This book considers the intersections between homeland and international security and the implications of these connections for preparedness. After the terrorist attacks of 9/11, many analysts abandoned traditional strategic tools such as deterrence and dissuasion. Yet policymakers need to consider a range of effective actions to enhance preparedness. The possibility of catastrophic, high consequence events demands that policymakers go beyond piecemeal extensions of current policies and devise comprehensive defense-in-depth. They could develop policy in ""5D"" -by integrating new approaches to five dimensions of policy: deterrence, dissuasion, denial, diplomacy, and defense. The 5Ds could give policymakers ways to ""project resilience"" with others abroad as we build resilience at home.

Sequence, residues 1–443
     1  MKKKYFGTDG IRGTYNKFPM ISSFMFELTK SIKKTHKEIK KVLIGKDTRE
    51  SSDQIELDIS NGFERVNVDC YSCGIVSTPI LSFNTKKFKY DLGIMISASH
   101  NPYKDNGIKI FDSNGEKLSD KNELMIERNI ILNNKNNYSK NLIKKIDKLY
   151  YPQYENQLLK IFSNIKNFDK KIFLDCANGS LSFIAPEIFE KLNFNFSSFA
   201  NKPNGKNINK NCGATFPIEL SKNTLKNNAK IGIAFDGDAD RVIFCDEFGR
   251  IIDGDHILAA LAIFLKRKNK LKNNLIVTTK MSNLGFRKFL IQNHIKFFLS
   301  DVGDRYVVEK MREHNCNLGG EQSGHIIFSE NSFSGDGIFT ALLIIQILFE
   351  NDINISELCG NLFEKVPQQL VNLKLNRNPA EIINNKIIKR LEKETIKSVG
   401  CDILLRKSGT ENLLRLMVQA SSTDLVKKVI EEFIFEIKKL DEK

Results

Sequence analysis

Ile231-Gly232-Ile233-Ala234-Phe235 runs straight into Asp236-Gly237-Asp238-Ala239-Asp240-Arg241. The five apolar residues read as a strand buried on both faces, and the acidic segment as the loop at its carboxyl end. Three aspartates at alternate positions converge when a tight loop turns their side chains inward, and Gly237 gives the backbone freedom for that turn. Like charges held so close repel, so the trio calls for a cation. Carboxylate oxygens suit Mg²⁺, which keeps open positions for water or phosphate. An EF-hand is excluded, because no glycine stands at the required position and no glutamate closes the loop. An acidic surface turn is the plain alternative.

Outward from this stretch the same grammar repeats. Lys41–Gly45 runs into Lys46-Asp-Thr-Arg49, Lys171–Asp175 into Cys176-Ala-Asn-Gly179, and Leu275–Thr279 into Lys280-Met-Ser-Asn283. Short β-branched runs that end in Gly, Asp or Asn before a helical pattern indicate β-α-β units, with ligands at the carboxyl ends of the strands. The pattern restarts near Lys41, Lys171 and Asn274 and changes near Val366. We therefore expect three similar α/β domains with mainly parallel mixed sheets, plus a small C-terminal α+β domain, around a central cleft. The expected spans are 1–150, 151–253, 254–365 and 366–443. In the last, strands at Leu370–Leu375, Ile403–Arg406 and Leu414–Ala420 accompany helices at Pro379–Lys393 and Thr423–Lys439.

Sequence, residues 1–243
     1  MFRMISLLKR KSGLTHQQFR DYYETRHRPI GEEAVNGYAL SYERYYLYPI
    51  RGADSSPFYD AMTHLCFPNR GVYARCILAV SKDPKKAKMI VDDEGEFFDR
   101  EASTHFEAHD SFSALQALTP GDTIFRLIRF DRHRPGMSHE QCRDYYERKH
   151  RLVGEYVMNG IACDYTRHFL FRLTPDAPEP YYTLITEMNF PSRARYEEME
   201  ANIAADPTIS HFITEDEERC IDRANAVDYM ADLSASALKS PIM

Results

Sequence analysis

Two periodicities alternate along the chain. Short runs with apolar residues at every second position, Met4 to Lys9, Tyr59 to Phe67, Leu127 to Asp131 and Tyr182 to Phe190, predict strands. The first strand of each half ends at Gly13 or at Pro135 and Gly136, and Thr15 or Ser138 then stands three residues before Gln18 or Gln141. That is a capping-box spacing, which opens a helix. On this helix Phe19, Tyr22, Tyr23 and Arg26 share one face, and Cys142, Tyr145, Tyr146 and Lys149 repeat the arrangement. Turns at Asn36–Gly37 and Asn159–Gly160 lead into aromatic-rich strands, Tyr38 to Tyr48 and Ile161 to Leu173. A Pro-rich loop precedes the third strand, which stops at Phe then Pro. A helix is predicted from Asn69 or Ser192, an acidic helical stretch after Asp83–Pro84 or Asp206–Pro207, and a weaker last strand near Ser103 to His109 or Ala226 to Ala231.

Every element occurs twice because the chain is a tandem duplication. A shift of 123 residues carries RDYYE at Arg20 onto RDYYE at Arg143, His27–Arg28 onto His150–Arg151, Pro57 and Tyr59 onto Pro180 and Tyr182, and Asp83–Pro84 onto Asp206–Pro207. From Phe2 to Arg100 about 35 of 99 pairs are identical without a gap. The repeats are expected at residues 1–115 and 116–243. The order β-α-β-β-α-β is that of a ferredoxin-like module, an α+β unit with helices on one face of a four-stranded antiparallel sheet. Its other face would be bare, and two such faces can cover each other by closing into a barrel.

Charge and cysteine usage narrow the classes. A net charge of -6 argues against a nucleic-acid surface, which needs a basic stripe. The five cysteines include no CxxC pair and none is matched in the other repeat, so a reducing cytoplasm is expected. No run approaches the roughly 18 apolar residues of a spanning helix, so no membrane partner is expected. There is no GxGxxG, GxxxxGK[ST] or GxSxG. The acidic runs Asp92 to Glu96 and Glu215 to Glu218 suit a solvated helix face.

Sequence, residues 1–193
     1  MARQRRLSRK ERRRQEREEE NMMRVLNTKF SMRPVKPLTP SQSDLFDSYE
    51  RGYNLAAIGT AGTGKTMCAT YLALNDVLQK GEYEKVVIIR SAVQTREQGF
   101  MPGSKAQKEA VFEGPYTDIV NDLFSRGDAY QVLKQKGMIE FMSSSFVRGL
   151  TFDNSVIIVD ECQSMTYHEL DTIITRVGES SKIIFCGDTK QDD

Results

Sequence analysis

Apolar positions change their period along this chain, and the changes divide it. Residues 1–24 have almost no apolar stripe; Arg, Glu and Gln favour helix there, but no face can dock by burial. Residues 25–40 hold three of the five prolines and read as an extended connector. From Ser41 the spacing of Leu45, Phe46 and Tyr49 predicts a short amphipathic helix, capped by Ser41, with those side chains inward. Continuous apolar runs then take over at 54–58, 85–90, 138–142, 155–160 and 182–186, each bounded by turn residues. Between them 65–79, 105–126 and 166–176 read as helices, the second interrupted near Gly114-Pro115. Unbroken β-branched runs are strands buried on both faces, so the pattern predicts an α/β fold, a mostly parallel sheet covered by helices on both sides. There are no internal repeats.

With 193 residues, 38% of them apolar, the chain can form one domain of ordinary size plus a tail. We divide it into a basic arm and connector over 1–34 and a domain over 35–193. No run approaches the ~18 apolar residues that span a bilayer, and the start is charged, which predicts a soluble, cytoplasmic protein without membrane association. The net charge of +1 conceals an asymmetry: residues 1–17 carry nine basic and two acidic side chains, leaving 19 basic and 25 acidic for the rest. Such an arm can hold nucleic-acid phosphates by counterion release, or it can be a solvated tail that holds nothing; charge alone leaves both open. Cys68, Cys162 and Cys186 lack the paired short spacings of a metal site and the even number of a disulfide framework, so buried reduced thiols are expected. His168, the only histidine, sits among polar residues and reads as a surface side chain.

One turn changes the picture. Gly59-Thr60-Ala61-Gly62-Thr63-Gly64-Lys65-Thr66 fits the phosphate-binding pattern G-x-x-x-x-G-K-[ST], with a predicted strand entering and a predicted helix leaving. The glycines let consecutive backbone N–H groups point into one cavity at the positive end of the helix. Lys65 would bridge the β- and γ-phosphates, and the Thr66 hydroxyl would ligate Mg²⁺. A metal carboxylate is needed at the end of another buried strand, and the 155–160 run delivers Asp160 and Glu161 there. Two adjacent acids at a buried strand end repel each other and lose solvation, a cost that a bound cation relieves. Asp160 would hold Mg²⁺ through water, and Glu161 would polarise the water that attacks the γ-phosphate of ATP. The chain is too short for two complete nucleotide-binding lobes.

Esther Brimmer is deputy director and director of research at the Center for Transatlantic Relations at the Paul H. Nitze School of Advanced International Studies at The Johns Hopkins University, USA. Her edited volumes for the Center include Transforming Homeland Security: U.S. and European Approaches (2006), The Strategic Implications of European Union Enlargement (coeditor, 2005), The European Union Constitutional Treaty: A Guide for Americans (2004), and The EU's Search for a Strategic Role: ESDP and Its Implications for Transatlantic Relations (2002).